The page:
I did dabble in Meleemancer, and if anything it felt like an evil version of the Crusader. Instead of holy maces and righteous flails, it commands a sycthe that would make the Grim Reaper jealous, and destroys anything nearby with Death Nova.
Blood magic is highly desirable for higher level play due to its self-healing options. The Necromancer is admittedly a rather squishy class that doesn't survive long when out of position, so skills like Siphon Blood and Devour go a long way toward keeping it alive in sticky situations.
This variety makes the Necromancer a tremendous addition to Diablo 3, as it isn't focused on pleasing the tastes of any specific type of player. Instead, anyone who is open to playing a class with a deeply evil composition will find a way to build one and probably enjoy it along the way.
It's No Witch Doctor
My primary concern is that the Necromancer would feel too much like a crossover with Witch Doctor given they both have a similar type of ranged magic playstyle. Although both are capable of amassing armies of pets, the similarities really end there.
Functionally speaking, there is plenty of overlap, but the same can be said of any other ranged class in Diablo 3. The real difference here is in how the abilities are adjusted in seemingly minor ways to thematically fit the Necromancer. For example, while something like Command Golem might be just like a Gargantuan, its ability to be instantly reduced into a stack of usable corpses and modified in other ways using Runes to suit the mechanics of the Necromancer makes it distinct.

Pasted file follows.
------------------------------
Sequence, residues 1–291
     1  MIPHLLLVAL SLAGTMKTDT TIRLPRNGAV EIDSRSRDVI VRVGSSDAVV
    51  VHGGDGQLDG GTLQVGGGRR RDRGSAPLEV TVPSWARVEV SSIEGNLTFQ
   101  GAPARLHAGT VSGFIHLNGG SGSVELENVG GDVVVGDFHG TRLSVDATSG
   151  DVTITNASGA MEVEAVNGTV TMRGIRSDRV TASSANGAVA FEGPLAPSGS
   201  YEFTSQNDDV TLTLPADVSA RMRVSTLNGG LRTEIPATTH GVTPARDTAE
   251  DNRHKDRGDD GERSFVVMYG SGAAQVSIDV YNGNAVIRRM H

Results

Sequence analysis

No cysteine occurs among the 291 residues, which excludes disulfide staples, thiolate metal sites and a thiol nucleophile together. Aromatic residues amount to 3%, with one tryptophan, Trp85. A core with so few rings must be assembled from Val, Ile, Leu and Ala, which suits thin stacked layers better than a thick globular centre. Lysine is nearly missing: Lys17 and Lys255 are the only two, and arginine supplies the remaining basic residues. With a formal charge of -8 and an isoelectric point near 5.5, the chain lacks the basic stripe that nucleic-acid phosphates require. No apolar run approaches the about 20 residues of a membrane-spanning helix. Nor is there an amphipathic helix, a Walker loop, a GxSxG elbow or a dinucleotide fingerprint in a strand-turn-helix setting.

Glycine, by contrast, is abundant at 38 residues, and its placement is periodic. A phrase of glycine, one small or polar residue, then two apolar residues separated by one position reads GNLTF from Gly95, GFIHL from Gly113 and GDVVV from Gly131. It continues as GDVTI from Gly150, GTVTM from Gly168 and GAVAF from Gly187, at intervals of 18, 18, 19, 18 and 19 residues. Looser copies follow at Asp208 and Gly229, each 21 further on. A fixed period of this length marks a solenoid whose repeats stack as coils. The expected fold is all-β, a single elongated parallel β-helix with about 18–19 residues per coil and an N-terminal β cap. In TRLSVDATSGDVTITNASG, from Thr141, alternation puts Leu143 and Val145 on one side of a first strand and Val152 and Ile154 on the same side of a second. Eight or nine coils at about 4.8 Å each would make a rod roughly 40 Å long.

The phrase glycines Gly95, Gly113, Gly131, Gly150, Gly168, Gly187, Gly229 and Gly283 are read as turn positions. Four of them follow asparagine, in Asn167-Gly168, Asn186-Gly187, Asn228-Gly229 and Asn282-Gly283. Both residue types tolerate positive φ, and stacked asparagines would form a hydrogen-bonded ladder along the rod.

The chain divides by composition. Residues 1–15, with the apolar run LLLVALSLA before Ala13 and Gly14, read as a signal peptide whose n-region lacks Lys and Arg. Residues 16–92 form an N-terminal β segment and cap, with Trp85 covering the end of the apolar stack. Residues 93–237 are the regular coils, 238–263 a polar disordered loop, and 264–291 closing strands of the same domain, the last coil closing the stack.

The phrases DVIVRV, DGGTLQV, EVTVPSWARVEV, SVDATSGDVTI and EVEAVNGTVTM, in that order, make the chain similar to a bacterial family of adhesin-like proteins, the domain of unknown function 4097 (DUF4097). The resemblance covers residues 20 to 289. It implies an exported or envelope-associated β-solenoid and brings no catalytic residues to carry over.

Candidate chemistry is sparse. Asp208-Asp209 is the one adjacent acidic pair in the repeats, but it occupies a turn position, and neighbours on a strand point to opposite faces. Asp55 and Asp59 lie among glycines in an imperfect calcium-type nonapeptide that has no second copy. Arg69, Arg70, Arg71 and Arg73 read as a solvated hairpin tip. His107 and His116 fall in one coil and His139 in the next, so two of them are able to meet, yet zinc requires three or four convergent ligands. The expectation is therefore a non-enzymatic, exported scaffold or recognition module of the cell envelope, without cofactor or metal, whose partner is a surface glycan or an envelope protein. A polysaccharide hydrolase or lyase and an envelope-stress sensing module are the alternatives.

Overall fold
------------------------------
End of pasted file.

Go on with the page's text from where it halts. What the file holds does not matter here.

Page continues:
The biggest deviation between the two is in how they present themselves. The Witch Doctor is humorous and outrageous, capable of making its environment rain frogs and summoning piranhas to bite at the feet of enemies.
The Necromancer has no interest in humor. It is dark and grosteque, utilizing corpses and evil magic to impose its will on opponents. This might be a put-off for some players, but at the very least it doesn't forsake the design of the original Diablo 2 class. And ultimately, I really like how it's been designed. I know I'll be playing one to max level once it hits the live servers.